I wonder if anyone mentioned to them that all these solar absorbing panel farms are diminishing the natural reflection of a portion of heat that radiates to the planet and are likely contributing to the continued warming of the earth.

:whistle:
I venture the guess they do not know what albedo is...
 

GURPS

INGSOC
PREMO Member

How Joe Biden caused the diesel supply crisis he is complaining about




During recent public appearances, President Joe Biden has continued to complain about energy prices as well as the potentially catastrophic shortage of diesel that has been forecast to hit the United States soon, particularly in the northeast. Of course, he never takes the blame for any of this himself. He instead tries to blame the “greedy” energy companies or, of course, Vladimir Putin. He has called for bans on oil and gas exports and even suggested a mandate that diesel stocks be maintained at a higher level. But a new report from the Institute for Energy Research addresses the actual root of these problems. What we’re facing is a significant loss in refinery capacity in the United States and its various territories. We’ve lost more than a million barrels per day in production capacity, but rather than working to rebuild that capacity, the White House is issuing new edicts that will result in diminishing it further.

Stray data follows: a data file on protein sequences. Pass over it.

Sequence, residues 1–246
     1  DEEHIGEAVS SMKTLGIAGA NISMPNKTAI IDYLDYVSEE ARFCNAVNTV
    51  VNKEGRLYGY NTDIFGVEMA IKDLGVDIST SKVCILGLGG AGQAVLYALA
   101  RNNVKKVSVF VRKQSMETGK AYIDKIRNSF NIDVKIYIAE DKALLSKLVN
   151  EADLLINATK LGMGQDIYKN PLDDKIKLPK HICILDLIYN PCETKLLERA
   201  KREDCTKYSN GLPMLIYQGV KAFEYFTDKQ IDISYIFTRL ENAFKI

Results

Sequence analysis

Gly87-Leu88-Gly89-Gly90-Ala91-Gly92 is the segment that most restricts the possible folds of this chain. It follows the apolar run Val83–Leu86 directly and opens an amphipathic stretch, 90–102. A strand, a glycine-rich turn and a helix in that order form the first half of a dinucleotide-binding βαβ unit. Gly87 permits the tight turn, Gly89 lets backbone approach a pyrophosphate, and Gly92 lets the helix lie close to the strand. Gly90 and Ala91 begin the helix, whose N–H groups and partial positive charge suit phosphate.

President Biden is complaining about diesel prices and production and his Administration is looking at banning petroleum exports or placing minimum requirements on diesel stocks, which they think will fix the problem. The real problem is that the United States lost one million barrels a day of refinery capacity due to reductions in demand from COVID lockdowns, refinery conversions to biofuels due to lucrative subsidies and onerous environmental regulations.
Emissions rules and general regulations have increased under the Biden administration, raising operating costs and causing some refineries to either shut down or not expand operations. The Biden Administration is doing nothing to fix the real problem. Instead, it is putting new environmental requirements on a refinery in St. Croix that could help the diesel situation in the Northeast.


Banning petroleum exports (which are already at severely low levels) would only cut off markets, making the American oil and gas industry even less profitable, thereby disincentivizing any efforts to expand capacity. And as for an executive order directing a specific amount of diesel to be kept in stock, well… that’s simply insane. You can’t order more diesel to magically appear with a few scribbles of a pen. Someone has to produce the required oil, move it to a refinery, and create the diesel.
 

GURPS

INGSOC
PREMO Member